Presentation: Security and Governance in the Cloud

Here is a presentation that I did recently for NHS CIO’s and CCIO’s.

It is all about how NHS England has followed a journey to cloud services and the IT Security & Information Governance issues we had to deal with along the way. It tries to also show other NHS organisations how they might work towards similar aims.

DSC vs. GPO vs. SCCM vs. MDM

Microsoft Windows administrators now have a number of ways for managing their estates.

  • Group Policy (GPO)
    Allows very fine-grained control over every aspect of Windows. Primarily aimed at Windows desktops. Requires Active Directory (AD) and very careful configuration. Requires well trained specialist staff to get it right.
  • System Center Configuration Manager (SCCM)
    Allows central control over software delivery. Also requires AD. Configuration of delivery packages can be complex and very careful change control is required. Software delivery via SCCM can also be intrusive to users. Requires well trained specialist staff to get it right.
  • Desired State Configuration (DSC)
    Though extended by Microsoft this is actually part of a wider open standard “Open Management Infrastructure” and so applies to other platforms as well including Linux. Mainly aimed at server configurations. Falls into the DevOps camp as it defines server configurations in purely text format and so can be put under source control easily. DSC is typically dynamic and enforces the correct configuration (normally every 15 minutes) which greatly helps ensure secure configurations.
  • Mobile Device Management (MDM)
    Primarily aimed at mobile devices, this style of configuration is increasingly applicable to Windows Desktops with the advent of Windows 10. Microsoft InTune is leading the way with other MDM vendors following on. Not everything on the desktop can yet be controlled this way, even with W10 but many key settings and controls are already available. A much simpler method for enforcing desktop settings than the other methods, it allows fewer administrators and much less specialist knowledge.

The article from FoxDeploy covers the first three of those and lays out the purpose of each. Well worth a read.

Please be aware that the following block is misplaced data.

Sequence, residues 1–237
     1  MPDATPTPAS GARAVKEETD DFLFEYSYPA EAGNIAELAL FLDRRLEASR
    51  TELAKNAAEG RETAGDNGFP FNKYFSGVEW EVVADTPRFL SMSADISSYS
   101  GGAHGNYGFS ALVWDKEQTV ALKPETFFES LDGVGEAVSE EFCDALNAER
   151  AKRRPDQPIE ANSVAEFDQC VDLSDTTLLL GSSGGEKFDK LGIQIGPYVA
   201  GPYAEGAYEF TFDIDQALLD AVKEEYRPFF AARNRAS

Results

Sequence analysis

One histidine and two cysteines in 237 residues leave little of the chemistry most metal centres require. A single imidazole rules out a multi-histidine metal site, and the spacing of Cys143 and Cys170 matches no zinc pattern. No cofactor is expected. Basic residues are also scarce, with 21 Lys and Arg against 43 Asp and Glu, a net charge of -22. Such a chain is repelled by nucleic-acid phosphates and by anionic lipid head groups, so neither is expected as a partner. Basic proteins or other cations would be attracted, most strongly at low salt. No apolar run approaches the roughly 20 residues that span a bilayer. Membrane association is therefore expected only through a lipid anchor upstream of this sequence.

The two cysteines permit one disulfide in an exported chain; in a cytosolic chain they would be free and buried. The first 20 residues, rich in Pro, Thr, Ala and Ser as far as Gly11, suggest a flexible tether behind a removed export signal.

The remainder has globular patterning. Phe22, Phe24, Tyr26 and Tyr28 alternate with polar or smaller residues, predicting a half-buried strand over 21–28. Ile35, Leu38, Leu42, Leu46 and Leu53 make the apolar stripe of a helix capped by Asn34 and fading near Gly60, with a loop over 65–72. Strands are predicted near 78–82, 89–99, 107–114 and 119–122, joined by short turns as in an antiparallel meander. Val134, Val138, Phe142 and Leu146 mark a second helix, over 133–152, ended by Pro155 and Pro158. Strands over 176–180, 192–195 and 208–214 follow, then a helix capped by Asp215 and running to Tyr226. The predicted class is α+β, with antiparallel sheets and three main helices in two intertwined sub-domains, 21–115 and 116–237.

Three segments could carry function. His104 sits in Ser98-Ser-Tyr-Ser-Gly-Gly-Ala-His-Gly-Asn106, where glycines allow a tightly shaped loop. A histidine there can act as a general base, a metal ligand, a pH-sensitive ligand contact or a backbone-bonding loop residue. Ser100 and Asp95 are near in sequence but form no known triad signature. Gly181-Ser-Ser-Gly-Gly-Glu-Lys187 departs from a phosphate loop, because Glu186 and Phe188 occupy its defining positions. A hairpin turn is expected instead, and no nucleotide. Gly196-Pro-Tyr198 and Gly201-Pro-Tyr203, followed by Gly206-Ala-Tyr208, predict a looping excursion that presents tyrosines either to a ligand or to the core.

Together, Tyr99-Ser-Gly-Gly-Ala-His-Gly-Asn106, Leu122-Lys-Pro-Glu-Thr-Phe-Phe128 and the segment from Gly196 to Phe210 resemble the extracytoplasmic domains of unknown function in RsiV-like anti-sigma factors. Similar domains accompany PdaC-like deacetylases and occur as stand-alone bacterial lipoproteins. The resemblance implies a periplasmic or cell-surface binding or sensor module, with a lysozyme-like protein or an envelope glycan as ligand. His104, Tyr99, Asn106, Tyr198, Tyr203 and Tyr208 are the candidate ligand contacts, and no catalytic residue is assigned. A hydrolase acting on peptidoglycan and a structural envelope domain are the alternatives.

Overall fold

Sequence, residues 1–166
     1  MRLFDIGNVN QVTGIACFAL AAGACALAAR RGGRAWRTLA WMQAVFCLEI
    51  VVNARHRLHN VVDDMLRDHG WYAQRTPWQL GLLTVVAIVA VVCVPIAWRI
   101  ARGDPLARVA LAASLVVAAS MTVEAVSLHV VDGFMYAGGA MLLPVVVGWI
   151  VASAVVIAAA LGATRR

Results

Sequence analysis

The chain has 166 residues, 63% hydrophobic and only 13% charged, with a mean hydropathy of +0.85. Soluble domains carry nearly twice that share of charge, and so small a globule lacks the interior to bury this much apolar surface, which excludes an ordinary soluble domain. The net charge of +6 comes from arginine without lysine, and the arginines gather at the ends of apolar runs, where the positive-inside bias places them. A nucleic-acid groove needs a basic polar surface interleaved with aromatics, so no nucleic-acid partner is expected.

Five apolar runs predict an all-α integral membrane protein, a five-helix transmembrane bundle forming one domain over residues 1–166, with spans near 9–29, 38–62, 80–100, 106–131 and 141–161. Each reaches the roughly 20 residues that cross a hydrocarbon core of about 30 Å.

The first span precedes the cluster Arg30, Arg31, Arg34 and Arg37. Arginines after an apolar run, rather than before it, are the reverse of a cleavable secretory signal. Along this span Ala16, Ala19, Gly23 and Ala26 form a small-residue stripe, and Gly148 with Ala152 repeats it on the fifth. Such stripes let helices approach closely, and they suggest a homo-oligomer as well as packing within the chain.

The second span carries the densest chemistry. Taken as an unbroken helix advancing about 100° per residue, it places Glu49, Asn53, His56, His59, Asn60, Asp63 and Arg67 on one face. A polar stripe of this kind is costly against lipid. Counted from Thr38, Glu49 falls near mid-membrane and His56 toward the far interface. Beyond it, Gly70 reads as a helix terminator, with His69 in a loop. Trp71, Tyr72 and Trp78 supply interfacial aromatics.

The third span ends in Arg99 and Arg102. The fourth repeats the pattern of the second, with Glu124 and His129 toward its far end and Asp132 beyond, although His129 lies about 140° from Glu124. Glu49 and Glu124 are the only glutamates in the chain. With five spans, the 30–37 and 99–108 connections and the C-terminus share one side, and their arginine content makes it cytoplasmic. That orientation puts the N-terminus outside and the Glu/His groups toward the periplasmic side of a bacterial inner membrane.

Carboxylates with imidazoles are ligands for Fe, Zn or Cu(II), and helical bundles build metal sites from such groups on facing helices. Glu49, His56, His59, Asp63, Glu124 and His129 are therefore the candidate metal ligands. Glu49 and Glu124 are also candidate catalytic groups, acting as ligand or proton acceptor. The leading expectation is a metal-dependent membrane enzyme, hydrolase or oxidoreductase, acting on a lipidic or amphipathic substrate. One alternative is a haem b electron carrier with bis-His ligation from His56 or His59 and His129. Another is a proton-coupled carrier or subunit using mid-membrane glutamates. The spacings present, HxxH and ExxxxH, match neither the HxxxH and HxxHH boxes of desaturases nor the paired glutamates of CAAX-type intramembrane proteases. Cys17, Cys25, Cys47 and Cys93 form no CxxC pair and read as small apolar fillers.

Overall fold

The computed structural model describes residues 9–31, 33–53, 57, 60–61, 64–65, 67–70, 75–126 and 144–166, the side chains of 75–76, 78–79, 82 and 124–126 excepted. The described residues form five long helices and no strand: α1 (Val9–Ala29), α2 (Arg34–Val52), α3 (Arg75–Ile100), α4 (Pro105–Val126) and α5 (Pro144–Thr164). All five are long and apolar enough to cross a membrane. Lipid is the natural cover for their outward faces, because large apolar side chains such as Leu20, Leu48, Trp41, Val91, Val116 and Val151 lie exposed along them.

What is missing is the 4th method which uses Mobile Device Management tooling. The leading contender for this is Microsoft InTune. However, InTune is really only focussed on Windows 10 (desktop and mobile), it has limited control in other Operating Systems.

Servers only ever exist in a given state. If they deviate or we make changes, we refactor and redeploy. DSC drives it all and the machine will be up and running on a new OS, with data migrated in a matter of minutes.

For all practical purposes, the first true large scale management tool we had for Windows systems in the modern era was Group Policy, or GPO as it is commonly truncated.

Comparatively, SCCM and MDT allow us to we import an image from a Windows install disk and then run dozens of individual steps which are customized based on the target machines platform, model, office location and other factors. The sky is the limit.

Curated from DSC vs. GPO vs. SCCM, the case for each. – FoxDeploy.com

Stay Secure! The Latest Recommendations for IT Security

Individuals and enterprises do not understand the value of their Information nor how to protect it. This article attempts to reveal simple and practical ways to protect IT assets and outlines some of the latest thinking and tools from industry experts.

IT Security changes over time and it is important to stay abreast. New threats are appearing all the time and so threat management also needs to change.

Here are some tips and pointers to the current thinking in IT Security.

Back in February of this year (2013), the Centre for Strategic and International Studies (CSIS) in the USA published a short but to the point paper on how to successfully combat the majority of current cyber security threats. The paper gives an excellent background to the latest threats without getting too technical. But the great thing is the 4 steps that they give to combating the majority of current threats.

These are summarised as:

  1. Use application “whitelisting” to help prevent malicious software and other unapproved programs from running.